News: Analysis & Commentary: COMMENTARY
COMMENTARY: MURDOCH: PENNY-WISE, POUND-FOOLISH IN ASIA
Say this for Rupert Murdoch: He's not afraid to cower. The Australian media mogul has spent the past five years in China backing off from his famous 1993 statement that satellite television is "an unambiguous threat to totalitarian regimes everywhere." Four years ago he pulled BBC News off StarTV's China broadcast to protect his $825 million investment in the satellite channel. Then he sold his stake in the South China Morning Post, one of the world's most lucrative papers, to avoid conflict with Beijing. Murdoch even published and hyped the anodyne memoirs of former paramount leader Deng Xiaoping's daughter.
So it's true to form that he would walk away from publishing the controversial memoirs of former Hong Kong Governor Chris Patten--whom Chinese officials branded a "strutting prostitute" for his advocacy of democracy in Hong Kong. "Business and politics and culture are interwoven," says Bruce Dover, News Corp.'s head of China operations. "That's the lesson we've learned in China."
So was News Corp.'s cravenness a smart business move? True, it's ahead of the competition in China. It has a joint Internet service with the People's Daily and a venture with the Tianjin People's Committee to operate a video production facility. Its part-owned Chinese-language channel now runs on cable--a first for a foreign satellite feed. But Murdoch might have done better--financially--to hold on to the South China Morning Post. Neither StarTV nor his other China ventures have ever turned a profit.
In the short run, it's often a losing battle for companies to stand up to Beijing, as Murdoch and others have found. But in the long run, it's not likely to help China or the beaten-down economies of Asia if honest debate is stifled. Indeed, one lesson of the mess roiling Asia is that punishing truth-tellers means that the problems have more time to fester.
Asia is filled with examples where it would have been best to thank bearers of bad news rather than attack them. In Thailand, Goldman Sachs (Asia) Ltd. was called on the carpet in early 1997 for suggesting that the baht's peg to the U.S. dollar wouldn't hold. Goldman was right, but the central bank squandered billions in reserves defending the baht. Thai police even raided the Bangkok office of ABN Amro Asia Ltd. last year to check out whether the Dutch investment bank was encouraging investors to sell the Thai currency.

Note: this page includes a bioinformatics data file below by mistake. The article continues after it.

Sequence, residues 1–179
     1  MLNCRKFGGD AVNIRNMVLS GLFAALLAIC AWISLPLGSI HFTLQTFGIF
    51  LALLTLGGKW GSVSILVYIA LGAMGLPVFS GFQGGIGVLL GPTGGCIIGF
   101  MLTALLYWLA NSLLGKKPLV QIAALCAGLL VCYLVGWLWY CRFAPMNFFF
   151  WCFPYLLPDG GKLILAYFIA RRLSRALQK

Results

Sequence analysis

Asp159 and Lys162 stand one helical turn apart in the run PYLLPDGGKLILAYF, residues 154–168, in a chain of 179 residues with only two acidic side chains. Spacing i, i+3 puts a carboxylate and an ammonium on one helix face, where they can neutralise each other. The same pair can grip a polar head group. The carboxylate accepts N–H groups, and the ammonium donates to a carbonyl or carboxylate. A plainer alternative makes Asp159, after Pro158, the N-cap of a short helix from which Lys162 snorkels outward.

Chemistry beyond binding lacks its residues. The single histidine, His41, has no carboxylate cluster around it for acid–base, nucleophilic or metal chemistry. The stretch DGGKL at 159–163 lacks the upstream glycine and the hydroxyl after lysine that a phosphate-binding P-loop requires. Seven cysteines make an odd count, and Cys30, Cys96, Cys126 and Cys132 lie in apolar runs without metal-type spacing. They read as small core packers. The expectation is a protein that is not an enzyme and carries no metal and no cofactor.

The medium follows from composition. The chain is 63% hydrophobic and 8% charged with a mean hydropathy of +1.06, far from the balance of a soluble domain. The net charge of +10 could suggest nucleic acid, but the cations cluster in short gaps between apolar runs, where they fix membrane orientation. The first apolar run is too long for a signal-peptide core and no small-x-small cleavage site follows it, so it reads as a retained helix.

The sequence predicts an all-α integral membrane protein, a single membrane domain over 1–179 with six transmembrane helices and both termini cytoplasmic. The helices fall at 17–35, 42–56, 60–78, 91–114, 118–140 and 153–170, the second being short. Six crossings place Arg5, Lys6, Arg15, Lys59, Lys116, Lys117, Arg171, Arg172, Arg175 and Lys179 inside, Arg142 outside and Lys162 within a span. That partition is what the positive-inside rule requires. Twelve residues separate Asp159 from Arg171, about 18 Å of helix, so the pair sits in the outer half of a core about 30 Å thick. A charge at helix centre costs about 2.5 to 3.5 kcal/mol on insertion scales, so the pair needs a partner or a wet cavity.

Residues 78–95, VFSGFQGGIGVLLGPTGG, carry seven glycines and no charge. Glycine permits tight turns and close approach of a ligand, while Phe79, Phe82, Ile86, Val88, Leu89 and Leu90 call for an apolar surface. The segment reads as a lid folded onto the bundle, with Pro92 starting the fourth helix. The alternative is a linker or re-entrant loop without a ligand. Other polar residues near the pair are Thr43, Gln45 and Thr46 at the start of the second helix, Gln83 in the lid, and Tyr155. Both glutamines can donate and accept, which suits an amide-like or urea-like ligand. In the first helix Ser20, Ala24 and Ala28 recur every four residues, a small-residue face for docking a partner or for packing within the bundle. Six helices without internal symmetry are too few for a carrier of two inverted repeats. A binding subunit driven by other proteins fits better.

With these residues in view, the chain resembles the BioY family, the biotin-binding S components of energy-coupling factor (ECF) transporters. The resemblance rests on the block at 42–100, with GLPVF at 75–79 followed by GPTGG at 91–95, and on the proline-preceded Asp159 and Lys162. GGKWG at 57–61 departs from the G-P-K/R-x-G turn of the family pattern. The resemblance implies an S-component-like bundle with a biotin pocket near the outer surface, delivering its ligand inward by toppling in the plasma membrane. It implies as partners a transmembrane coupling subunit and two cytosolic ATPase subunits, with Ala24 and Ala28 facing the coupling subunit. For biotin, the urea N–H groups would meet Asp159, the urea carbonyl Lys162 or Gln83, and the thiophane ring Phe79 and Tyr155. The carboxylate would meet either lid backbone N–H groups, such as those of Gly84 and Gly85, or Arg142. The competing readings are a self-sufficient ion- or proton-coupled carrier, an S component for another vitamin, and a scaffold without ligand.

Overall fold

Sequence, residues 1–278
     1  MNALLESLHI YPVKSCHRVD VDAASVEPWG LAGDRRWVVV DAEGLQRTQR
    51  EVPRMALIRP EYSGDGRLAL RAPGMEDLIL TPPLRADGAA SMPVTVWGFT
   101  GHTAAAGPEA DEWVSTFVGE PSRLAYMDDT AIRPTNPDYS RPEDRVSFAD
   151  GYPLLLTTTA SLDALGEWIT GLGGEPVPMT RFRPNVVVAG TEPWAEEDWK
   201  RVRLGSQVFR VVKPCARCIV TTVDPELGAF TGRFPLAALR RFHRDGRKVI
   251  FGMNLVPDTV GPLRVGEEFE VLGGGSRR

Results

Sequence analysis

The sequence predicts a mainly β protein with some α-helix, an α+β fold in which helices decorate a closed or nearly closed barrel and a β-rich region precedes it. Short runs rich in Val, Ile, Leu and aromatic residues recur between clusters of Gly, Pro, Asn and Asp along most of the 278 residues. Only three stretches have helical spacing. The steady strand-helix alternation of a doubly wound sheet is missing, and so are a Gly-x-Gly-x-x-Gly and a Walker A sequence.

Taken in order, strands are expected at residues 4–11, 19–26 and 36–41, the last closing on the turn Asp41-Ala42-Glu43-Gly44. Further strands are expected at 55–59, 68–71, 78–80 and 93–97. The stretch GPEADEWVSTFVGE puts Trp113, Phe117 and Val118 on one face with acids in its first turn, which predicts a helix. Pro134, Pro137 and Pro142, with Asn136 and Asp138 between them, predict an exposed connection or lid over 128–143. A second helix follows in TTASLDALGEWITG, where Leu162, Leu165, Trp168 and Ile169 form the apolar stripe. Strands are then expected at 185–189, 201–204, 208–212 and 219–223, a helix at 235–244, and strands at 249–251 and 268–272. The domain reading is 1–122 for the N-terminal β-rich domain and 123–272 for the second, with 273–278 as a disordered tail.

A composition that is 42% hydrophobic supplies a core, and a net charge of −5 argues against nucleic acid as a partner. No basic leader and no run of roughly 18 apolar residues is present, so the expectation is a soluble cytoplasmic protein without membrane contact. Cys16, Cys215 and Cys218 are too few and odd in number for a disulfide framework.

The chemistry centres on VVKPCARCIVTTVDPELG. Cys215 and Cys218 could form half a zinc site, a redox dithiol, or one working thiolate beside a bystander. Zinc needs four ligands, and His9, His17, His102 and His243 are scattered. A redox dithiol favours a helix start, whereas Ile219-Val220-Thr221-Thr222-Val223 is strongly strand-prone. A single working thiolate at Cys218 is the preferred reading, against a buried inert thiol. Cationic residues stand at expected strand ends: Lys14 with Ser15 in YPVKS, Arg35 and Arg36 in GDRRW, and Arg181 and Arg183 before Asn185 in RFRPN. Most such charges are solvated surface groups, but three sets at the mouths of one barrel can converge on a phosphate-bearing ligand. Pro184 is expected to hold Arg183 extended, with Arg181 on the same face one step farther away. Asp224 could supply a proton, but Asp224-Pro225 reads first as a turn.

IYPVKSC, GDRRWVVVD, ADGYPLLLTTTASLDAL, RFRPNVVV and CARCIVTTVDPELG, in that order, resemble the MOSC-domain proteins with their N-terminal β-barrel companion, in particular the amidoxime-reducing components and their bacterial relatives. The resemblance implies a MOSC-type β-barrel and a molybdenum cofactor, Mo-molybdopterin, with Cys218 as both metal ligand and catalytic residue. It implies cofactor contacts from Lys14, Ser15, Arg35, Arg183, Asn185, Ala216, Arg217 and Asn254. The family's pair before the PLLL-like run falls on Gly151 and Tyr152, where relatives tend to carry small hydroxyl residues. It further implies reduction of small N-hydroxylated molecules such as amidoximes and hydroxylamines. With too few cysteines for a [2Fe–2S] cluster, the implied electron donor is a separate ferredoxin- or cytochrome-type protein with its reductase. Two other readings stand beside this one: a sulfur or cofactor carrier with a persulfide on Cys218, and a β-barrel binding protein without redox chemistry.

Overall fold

In Korea, too, more openness would have saved tens of billions of dollars. Executives at a leading British securities firm were forced to apologize to officials at Korea First Bank in early 1997 after one of the firm's analysts warned about its loans to ailing Hanbo group. Immediately after a senior executive with the securities firm went on bended knee to Korea First, Hanbo group collapsed under its $6 billion debt. In its wake, Korea First Bank went bust. The securities firm doesn't want to be identified because its report is the subject of a parliamentary investigation.
If there's any good news, it's that Asia's troubles make it more likely that honesty will be tolerated, if not encouraged. Look at Morgan Stanley, Dean Witter, Discover & Co. Chinese officials have cold-shouldered the firm since strategist Barton Biggs advised investors to sell the Hong Kong market during last October's meltdown. Biggs and the U.S. investment bank were criticized by the financial elite, and insiders say that Chinese President Jiang Zemin and Vice-Premier Minister Zhu Rongji were livid. Even now, officials still urge Biggs's firing.
Yet Morgan Stanley soldiers on, and execs say the controversy hasn't cost it business. It just headed up a $150 million bond issue for Shanghai Industrial Holdings Ltd., one of the largest Chinese state companies listed on the Hong Kong exchange. "The American houses are pretty immune because people need American capital," says a Hong Kong-based executive at a European investment bank.
The lesson isn't that honesty pays. But it should. As Asia's financial crisis grinds on, leaders are likely to find that punishing bearers of bad news will carry an increasingly high price.By Mark Clifford